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The course covers Autodesk 3DS Max from the ground up, providing a thorough overview of this advanced 3D graphics and modeling package. Author Aaron F. Ross covers the 3ds Max interface and walks through common tasks such as modeling, texturing, lighting, animating, and rendering. The course is centered around real-world projects that provide designers practical examples to use with the lessons.
In the terminology of 3ds Max, a controller is a program module that can vary some parameter, such as an animation track. Controllers can create procedural animation. It's an alternate way of making things move, instead of the traditional keyframing. To illustrate this, I'll make a bouncing ball using a Waveform Float controller. I'll just create a small sphere in my world and just to make it a little bit easier to see on the screen, I'm going to go into my Time Configuration.
I want to use a custom frame rate of 15 frames a second, because that's the capture rate that this movie is being delivered at. And I also am going to turn off the Active Viewport Only option. That way I'll be able to see the motion in all the viewports. Click OK. Now I'm ready to assign a controller. One way to do that is through the Curve Editor. With the ball selected, I'll go up to Graph Editors > Track View - Curve Editor. The elevation or vertical position of the ball is the Z Position.
I'll select the Z Position track and you'll see currently it's flat. It's a constant value of 0. To assign a controller, I'll go up to the Edit menu and choose Controller > Assign. Now I've got a list of all the possible controllers that could be assigned to this track. The one with the little carrot in front of it is the currently assigned controller. Bezier Float is the default controller for all transforms, and in fact for most tracks in 3ds Max.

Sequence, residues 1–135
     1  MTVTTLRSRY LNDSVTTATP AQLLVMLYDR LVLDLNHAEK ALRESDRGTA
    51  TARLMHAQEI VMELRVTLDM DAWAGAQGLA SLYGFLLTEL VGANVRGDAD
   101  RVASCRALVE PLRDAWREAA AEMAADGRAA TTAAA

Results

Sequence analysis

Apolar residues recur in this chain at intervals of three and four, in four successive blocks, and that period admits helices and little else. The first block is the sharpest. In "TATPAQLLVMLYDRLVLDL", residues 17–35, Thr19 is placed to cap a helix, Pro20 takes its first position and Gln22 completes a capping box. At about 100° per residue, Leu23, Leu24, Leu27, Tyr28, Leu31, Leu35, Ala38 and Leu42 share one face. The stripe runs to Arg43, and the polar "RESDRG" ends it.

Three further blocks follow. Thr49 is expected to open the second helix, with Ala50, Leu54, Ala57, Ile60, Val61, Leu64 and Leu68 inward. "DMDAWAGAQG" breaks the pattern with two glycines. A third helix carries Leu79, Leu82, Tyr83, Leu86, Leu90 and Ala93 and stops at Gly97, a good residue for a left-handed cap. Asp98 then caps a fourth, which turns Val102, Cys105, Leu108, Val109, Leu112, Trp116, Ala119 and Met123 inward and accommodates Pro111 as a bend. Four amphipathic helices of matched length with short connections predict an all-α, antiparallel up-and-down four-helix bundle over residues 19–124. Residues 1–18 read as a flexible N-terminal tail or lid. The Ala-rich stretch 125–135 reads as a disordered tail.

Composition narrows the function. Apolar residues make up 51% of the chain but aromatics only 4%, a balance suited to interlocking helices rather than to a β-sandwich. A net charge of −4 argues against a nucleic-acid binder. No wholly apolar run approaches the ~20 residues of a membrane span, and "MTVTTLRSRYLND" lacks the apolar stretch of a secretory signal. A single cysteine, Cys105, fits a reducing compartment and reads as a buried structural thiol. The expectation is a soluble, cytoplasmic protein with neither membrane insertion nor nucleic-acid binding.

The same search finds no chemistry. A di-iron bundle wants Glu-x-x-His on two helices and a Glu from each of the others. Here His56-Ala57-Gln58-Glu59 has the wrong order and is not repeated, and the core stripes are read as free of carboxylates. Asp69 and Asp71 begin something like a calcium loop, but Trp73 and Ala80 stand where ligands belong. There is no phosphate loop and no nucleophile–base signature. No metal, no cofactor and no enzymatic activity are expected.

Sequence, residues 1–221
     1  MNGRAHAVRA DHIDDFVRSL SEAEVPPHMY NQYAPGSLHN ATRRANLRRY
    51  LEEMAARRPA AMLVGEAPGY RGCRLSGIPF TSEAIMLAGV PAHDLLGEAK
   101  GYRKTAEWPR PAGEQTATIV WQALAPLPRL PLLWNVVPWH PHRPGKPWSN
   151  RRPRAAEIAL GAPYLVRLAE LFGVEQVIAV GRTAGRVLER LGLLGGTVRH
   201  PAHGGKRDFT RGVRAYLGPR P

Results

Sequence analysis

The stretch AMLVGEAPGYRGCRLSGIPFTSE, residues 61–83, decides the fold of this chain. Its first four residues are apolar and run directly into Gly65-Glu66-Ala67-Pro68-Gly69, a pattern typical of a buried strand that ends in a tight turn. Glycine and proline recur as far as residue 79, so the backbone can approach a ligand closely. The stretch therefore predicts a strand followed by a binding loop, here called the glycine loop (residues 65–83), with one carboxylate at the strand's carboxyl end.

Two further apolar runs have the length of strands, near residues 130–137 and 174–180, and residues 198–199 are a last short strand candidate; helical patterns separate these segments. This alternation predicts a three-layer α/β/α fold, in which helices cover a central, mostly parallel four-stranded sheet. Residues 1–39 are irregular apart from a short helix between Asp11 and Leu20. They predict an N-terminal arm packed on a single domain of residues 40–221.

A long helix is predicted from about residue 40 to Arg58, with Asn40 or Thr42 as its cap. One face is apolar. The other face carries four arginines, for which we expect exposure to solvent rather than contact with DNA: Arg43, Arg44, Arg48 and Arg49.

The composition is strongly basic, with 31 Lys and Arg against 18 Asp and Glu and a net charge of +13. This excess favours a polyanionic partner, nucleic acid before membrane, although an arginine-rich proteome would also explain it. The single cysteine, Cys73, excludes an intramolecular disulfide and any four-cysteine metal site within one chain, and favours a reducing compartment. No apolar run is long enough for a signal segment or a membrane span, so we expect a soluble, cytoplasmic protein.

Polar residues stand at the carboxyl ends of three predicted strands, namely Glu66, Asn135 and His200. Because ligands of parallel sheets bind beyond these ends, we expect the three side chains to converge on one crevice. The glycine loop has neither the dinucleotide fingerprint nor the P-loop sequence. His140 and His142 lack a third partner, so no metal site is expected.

In this case, I'm going to choose Waveform Float, and I'll click OK. Now I get a child window popping up, that gives me control over the Waveform properties, such as its Period and so on. I'll minimize the Curve Editor for a moment and play back my animation so you can see that, in fact, now I've got a procedural animation. It's oscillating back and forth. Stop that, go back to the Curve Editor, and I'll make some changes, like for example, instead of a sine wave, as we can see here, I'll do a half sine, and that means it will bounce up and down, and it won't oscillate in that same way.
It will look a little bit more realistic. I'll change the Period, which is the length of the cycle. Let's make it 20 frames, and let's see what that looks like. I'll minimize, rewind and playback. Wow, we're getting a pretty cool bouncing ball effect for free. You'll see however that it's going through the floor. I can just go back into those parameters, and I want to position my time on frame 0, so I can see what it looks like at the very bottom of that curve, and I've got a manual bias here I can adjust.
So I'll just drag this spinner out, until the ball is right on the floor at frame 0. Maximize the view and play that back. Now you'll see the ball is bouncing up and down, and it will actually bounce up and down infinitely, because the Waveform controller is now taking full control over the Z axis. That's a very basic example of how you can use a controller to produce procedural animation.
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